Updated: Jul 7, 2020
What opportunities in addition to energy production and landfill
It is just these days the news that was inaugurated (on September 2) the stadium Mannucci Pontedera (Pisa) with seats in plasmix. The stadium has been redesigned from a green point of view with seats in recycled plastic from heterogeneous packaging from the waste collection in Tuscany. In the stands of the stadium were installed 3000 seats produced for the first time in plasmix, ie mixed plastics selected by Revet Spa and recycled by Revet Recycling Srl, both based in the Tuscan town. The Mannucci is the first stadium in the world to be equipped with recycled plastic seats instead of virgin plastic ones. The redevelopment of the stadium from a green point of view, which also includes a new LED lighting system, involved an investment of almost 300 thousand euros.
Revet, in collaboration with the Bologna-based company Omsi, which specialises in the moulding of seats for sports facilities, has formulated a recycled compound that is compatible with normal moulding machinery and has the same characteristics and guarantees compliance with the European V2 standards adopted by FIFA. The inauguration of Pontedera achieve a long period work carried out by Revet and its Research and Development department, which certifies the very high quality achieved by Revet granules, which are now working to reduce costs per unit of product, in order to make the final product competitive (not only environmentally, but also economically), with the one made of 100% virgin material.
The mayor of Pontedera, Matteo Franconi, was also proud to state at the inauguration that this is a concrete application of that circular zero-km economy in which the waste collected, the industrial plants that further sorted and then recycled it, are entirely from the local area and the Mannucci stadium now uses it as a finished product. He added that today's public administrations have the task of improving and concretely supporting the circular economy by ensuring orders of this type and the necessary market space to support products made from recycling.
It may not seem like a great thing, but in reality it is an important goal because the problem of the reuse in Italy of plasmix is long-standing and complicated.
First of all, it is necessary to explain what is meant by plasmix: a set of post-consumer packaging made up of light heterogeneous plastics (films, films, bags) that for many years has not found an outlet in the recycling market (not recoverable as single polymers) and was almost exclusively destined to energy recovery (incinerators) and in a small percentage to landfill. Therefore, a very different material from "noble" plastic packaging such as PET from bottles and flacons that have an already started chain. The plasmix represents more than 50% of all plastic packaging collected separately and is one of the most critical waste to be managed for the entire supply chain.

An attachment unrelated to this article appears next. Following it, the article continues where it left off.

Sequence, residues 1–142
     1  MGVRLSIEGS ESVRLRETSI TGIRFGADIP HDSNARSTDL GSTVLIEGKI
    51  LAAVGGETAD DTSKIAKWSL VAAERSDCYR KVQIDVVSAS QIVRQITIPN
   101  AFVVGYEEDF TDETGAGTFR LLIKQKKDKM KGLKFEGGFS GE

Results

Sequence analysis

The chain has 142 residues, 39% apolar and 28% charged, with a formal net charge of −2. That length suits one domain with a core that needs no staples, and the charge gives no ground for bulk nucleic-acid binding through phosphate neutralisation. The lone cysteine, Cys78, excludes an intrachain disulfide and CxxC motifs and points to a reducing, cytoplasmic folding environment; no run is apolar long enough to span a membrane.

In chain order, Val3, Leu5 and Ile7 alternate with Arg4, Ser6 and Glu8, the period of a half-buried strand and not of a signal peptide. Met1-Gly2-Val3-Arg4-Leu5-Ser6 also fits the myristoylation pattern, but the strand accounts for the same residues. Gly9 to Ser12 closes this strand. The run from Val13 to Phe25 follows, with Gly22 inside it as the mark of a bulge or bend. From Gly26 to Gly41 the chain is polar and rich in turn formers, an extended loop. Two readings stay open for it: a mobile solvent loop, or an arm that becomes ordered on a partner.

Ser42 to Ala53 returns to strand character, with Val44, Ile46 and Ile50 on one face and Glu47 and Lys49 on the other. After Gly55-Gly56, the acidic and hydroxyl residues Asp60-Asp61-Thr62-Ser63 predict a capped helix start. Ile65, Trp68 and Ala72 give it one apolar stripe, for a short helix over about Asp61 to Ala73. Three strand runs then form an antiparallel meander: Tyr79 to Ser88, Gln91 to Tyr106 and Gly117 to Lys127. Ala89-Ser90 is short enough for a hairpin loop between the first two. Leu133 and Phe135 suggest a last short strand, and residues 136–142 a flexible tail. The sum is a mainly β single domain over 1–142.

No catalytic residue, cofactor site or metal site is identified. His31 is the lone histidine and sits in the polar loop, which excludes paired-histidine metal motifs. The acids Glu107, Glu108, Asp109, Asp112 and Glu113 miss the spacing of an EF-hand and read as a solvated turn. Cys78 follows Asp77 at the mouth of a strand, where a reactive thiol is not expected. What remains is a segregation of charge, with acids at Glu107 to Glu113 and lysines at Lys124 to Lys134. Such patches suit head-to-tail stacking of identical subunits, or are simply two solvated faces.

Something moved though. In 2017, in fact, the draft law 4502 - first signatory Stefano Vignaroli, M5S - which aimed to promote the spread of products derived from the recycling of plasmix, began its process in the Environment Committee of the Chamber. The incentive to recycle heterogeneous plastics has therefore had to enter political territory and refer to a regulatory and fiscal framework to have the right reconsideration. In reality, much could already be done to promote the recycling of plasmix even with existing laws, as virtually all the regulations passed during the last legislature have always referred to Green public procurement, primarily within the Code of Procurement. However, there was a fundamental problem: incinerators take incentives to burn these types of plastics (on energy production), but those who recover them do not. Unfortunately, building products with these plastics costs on average 20% more than virgin plastics. The bill tended to eliminate this sort of "unfair competition" and grow a new and virtuous market for the recovery of materials. Unfortunately, however, in Italy it often happens that when laws are passed, no one is concerned with implementing those basic rules that - when defining the specifications - favor some materials and not others. Companies such as Revet di Pontedera are rare and have long since begun to apply the laws that already exist. Public purchasers simply need to start by drawing up standard tender specifications, opening up privileged channels for recycled products. It is clear that if we want to push on the recovery of plasmix, we must ensure and promote a final market for recycled products.
With regard to the Pontedera Stadium, we can certainly speak of a concrete example of circular economy and avant-garde environmental sustainability 'made in Tuscany'. But looking at the issue at national and European level we can say that if in the medium term it is necessary to prevent the placing on the market of packaging difficult to recycle, discouraging production with ad hoc regulations and tax levers, in the immediate instead we must intervene at national level by encouraging the recycling of plasmix that alone is worth, as we have already said, about half of the plastics collected separately by municipalities. There are virtuous companies that use plasmix to create high quality products (accessories and carenature of motorcycles, pallets, swings, benches and other street furniture) but still collide too much with unfavorable conditions given by the higher costs compared to the production of virgin polymers and the market outlet of products in plasmix still too restricted to the actual potential. Much more needs to be done, but the road taken is certainly the right one and the Mannucci di Pontedera is a wonderful example of this.